On Jan. 22, 1973, the U.S. Supreme Court affirmed the legality of a woman’s right to abortion in Roe v. Wade. This historic decision made a promise to Americans: that women had a fundamental right to self-determination and reproductive health.
On this 43rd anniversary of Roe, we must celebrate its benefits. Yet we must also recognize its limitations and seek new ways to secure women’s control over their reproduction.
In many respects, Roe was a game changer. At the time of the decision, nearly all states outlawed abortion except in special circumstances or to save a woman’s life.
Medical professionals fought for and welcomed Roe because they were horrified by the thousands of cases of sickness and death they treated each year among women who had to resort to unsafe illegal abortions. Feminists also strongly supported Roe, believing that women’s right to control their bodies was an integral component of citizenship. After the decision, with growing numbers of clinics and health care centers offering abortion services, the death rate plummeted, and pregnancy termination became a routine medical procedure.
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Almost as quickly as Roe transformed the landscape of abortion provision, it failed to live up to its promise as a protector of women’s reproductive rights. In 1976, Congress passed the Hyde Amendment, which banned federal funding for abortion in all but the most severe circumstances. For poor women who relied on Medicaid, their ability to access abortion became severely constricted.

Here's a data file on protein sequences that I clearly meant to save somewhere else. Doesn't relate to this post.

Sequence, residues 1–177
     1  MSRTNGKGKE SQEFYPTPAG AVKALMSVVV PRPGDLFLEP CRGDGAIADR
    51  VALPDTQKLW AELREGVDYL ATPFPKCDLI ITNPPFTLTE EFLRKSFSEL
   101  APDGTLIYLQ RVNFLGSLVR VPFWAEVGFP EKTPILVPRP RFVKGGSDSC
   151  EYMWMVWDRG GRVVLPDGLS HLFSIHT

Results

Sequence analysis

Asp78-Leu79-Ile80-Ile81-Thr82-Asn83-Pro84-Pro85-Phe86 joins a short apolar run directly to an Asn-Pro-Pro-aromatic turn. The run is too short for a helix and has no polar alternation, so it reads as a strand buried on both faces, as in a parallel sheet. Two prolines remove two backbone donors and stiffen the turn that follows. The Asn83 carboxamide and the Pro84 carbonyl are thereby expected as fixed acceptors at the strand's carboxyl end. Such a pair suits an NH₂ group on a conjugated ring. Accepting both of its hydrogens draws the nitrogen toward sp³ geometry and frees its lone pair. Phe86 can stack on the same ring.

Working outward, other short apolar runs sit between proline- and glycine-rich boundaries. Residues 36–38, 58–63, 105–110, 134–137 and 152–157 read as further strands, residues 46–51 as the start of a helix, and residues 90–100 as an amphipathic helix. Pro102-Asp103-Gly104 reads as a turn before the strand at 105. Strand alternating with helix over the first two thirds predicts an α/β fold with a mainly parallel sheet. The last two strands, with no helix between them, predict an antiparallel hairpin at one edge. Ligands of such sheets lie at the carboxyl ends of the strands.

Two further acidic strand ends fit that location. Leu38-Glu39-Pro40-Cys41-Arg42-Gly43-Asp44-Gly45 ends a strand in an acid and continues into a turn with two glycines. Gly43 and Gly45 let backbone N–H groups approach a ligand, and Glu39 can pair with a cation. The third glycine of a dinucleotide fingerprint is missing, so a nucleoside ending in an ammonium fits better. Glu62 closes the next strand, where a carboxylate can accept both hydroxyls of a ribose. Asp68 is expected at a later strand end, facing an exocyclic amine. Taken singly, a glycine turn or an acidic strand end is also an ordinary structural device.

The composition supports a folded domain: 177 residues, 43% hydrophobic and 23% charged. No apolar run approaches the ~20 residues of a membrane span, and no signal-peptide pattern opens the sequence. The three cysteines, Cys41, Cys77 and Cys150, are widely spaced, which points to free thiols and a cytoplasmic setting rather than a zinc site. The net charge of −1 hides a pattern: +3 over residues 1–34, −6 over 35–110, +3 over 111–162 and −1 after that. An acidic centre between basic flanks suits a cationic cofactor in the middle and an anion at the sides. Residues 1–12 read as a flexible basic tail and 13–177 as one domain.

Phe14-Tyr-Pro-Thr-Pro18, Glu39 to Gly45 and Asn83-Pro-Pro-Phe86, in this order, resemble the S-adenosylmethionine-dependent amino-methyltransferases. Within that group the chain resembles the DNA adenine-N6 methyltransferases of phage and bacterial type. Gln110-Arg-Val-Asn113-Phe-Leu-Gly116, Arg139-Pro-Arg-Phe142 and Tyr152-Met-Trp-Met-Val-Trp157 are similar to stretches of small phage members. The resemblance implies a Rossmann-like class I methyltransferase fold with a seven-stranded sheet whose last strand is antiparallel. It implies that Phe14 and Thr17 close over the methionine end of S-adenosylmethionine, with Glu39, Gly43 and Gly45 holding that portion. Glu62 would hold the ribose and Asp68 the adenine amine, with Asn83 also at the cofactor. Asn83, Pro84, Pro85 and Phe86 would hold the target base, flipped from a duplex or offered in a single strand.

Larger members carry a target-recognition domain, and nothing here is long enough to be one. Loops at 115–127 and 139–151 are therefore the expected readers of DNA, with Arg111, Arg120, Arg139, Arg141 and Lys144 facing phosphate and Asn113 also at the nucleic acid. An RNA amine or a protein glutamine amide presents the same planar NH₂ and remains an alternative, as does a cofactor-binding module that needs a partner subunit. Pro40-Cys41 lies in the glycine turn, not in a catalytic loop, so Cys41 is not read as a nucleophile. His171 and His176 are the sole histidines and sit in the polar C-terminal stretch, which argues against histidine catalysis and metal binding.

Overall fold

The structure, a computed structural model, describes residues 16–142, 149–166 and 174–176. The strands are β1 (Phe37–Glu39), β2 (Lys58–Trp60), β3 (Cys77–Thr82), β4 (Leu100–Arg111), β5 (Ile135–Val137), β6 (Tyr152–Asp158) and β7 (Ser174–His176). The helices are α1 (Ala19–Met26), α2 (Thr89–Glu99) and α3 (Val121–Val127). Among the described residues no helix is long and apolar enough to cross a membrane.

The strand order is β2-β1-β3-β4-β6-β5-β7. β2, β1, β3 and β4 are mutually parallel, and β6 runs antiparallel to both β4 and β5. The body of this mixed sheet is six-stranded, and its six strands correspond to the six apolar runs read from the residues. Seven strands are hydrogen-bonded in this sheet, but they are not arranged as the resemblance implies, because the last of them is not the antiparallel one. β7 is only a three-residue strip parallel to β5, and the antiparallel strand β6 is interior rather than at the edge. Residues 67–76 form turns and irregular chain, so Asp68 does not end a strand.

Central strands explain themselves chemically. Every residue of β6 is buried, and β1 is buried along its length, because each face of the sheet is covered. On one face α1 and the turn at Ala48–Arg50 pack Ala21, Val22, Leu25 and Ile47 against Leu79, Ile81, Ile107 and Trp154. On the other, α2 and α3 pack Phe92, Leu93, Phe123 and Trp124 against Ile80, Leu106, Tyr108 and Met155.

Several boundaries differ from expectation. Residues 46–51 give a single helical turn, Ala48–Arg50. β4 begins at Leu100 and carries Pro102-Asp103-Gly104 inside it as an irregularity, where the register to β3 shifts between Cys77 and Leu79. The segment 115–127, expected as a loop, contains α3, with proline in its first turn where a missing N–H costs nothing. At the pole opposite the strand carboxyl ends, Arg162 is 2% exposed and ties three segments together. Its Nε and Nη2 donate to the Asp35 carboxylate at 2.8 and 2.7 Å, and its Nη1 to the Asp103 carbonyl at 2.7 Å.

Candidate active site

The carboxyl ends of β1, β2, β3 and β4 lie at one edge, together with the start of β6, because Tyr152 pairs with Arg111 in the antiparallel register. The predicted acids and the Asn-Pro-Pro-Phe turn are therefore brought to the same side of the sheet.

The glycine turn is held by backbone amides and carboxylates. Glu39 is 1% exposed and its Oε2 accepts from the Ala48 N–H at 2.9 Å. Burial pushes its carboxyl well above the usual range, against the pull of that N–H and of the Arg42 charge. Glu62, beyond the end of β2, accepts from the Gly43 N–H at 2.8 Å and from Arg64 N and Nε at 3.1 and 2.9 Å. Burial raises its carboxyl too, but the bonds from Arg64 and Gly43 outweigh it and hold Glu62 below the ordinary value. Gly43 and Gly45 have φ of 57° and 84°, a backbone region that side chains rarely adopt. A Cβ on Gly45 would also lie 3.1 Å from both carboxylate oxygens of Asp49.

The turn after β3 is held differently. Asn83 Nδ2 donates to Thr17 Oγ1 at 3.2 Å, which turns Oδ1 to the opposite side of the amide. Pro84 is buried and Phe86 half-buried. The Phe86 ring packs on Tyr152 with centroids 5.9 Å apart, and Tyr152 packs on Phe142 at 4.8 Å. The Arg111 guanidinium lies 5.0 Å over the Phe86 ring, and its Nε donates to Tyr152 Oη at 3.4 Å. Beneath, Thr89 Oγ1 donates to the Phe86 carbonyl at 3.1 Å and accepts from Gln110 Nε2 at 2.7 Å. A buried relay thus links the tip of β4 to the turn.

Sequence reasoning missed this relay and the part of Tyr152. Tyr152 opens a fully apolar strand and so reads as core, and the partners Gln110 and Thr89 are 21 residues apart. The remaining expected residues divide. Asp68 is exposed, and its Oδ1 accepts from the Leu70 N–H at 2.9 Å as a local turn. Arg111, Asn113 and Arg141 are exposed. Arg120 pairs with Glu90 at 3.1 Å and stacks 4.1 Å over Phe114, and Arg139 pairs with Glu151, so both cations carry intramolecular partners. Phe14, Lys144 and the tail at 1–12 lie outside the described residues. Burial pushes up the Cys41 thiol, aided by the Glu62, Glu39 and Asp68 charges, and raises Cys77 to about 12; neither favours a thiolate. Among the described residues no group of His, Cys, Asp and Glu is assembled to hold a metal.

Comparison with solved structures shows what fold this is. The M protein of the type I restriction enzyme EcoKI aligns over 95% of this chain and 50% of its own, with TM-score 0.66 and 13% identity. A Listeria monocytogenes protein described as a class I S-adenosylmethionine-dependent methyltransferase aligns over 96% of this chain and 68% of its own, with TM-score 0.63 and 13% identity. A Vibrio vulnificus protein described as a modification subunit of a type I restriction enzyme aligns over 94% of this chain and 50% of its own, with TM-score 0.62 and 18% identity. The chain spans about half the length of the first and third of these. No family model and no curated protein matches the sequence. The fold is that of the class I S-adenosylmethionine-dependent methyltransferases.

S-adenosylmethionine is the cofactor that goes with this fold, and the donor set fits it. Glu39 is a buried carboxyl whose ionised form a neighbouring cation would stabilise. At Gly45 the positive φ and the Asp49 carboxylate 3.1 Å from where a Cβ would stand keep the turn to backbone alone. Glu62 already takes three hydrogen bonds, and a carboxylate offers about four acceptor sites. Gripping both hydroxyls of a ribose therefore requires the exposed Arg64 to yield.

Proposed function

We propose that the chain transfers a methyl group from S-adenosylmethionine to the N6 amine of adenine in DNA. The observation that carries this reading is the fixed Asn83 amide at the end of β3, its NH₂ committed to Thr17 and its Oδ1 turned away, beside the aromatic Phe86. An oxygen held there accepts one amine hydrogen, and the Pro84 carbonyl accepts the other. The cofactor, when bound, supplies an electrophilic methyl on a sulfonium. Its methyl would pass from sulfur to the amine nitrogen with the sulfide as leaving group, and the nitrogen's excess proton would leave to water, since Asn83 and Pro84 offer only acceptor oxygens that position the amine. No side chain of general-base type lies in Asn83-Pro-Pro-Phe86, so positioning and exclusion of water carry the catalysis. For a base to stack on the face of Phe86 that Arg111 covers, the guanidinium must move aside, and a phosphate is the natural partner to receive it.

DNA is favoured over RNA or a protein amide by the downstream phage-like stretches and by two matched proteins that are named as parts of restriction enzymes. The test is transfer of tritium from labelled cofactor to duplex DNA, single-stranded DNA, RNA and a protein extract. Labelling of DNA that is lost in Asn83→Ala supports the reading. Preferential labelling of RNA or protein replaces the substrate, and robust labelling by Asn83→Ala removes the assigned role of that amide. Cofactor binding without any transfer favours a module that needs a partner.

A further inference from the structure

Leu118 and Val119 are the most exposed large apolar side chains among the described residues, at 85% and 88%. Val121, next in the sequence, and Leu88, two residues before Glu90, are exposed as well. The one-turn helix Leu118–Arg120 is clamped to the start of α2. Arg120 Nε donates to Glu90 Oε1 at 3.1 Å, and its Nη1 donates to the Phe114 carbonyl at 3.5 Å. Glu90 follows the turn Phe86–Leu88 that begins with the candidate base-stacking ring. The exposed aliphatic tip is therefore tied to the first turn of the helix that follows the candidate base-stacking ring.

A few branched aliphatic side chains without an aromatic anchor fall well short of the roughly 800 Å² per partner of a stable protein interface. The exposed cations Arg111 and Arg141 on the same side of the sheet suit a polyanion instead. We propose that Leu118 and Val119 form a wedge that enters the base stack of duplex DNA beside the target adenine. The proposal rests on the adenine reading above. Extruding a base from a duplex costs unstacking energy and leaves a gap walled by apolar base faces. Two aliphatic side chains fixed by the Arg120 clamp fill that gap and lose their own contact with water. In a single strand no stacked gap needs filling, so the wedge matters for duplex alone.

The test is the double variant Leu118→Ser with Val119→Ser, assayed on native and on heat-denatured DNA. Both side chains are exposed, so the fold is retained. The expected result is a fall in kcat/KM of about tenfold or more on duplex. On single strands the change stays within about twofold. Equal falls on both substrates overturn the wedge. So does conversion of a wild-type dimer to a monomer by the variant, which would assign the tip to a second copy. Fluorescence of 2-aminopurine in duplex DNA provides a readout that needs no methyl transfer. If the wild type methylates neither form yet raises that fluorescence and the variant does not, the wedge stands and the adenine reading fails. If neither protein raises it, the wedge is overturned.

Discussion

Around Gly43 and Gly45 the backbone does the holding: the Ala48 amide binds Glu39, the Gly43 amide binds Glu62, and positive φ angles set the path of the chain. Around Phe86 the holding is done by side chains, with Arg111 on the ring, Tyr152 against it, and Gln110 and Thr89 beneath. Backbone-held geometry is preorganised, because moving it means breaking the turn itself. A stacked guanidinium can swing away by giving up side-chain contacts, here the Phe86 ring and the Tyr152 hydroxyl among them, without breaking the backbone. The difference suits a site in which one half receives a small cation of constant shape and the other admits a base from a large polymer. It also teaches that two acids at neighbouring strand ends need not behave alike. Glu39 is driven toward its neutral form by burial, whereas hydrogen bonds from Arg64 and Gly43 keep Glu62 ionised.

In subsequent years, state governments and the Supreme Court have continued to slowly chip away at Roe, enacting and allowing waiting periods, parental consent laws and unnecessary requirements on abortion clinics and the doctors who perform the procedure.
It is not only abortion that has come under attack. Reproductive health requires an interlocking set of provisions that range from economic security, prenatal care and protection from violence to access to birth control and comprehensive sex education. In recent years, states such as North Carolina have restricted food stamps and unemployment insurance, instituted abstinence-based sex education curriculums and refused to expand Medicaid. All of these moves restrict women’s reproductive control and self-determination.
A demotion for N.C.
A recently released study by the Population Institute awarded North Carolina a “D” for reproductive health, a demotion from our grade of “C” last year. Ninety percent of counties in our state lack an abortion clinic.
Even if women can travel to find a clinic, they confront major barriers. North Carolina now prohibits abortion after 20 weeks; requires parental consent, counseling and ultrasounds; and requires a 72-hour waiting period that often puts the procedure out of the reach of women who lack the funds to make repeat visits to far-away clinics. These functional erosions of a basic right are unacceptable.
Today, as we commemorate Roe, we must recognize that it never enabled all women to access an expansive set of reproductive rights. While we seek to protect the decision, we must also advocate legal and policy changes that will establish that all people, regardless of their financial circumstances, have equal access to rights ranging from freely available abortion and contraception to comprehensive medical care, affordable housing and an adequate income.
More than 40 years ago, we took a big step forward. Now, we must fight even harder to preserve women’s abilities to make their own health choices. Only then will the true promise of Roe be realized.
Lisa Levenstein is associate professor of history at the University of North Carolina at Greensboro.